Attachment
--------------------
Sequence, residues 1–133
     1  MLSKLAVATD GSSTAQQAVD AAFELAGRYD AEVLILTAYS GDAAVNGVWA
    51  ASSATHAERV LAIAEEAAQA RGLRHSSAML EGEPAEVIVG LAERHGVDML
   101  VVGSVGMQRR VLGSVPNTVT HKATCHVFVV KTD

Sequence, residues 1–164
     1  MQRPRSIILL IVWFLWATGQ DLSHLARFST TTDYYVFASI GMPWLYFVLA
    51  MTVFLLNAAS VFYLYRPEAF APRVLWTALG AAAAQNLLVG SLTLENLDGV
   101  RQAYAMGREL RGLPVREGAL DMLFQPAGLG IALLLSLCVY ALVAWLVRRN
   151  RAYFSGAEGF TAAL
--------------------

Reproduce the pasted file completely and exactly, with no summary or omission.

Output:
Sequence, residues 1–133
     1  MLSKLAVATD GSSTAQQAVD AAFELAGRYD AEVLILTAYS GDAAVNGVWA
    51  ASSATHAERV LAIAEEAAQA RGLRHSSAML EGEPAEVIVG LAERHGVDML
   101  VVGSVGMQRR VLGSVPNTVT HKATCHVFVV KTD

Sequence, residues 1–164
     1  MQRPRSIILL IVWFLWATGQ DLSHLARFST TTDYYVFASI GMPWLYFVLA
    51  MTVFLLNAAS VFYLYRPEAF APRVLWTALG AAAAQNLLVG SLTLENLDGV
   101  RQAYAMGREL RGLPVREGAL DMLFQPAGLG IALLLSLCVY ALVAWLVRRN
   151  RAYFSGAEGF TAAL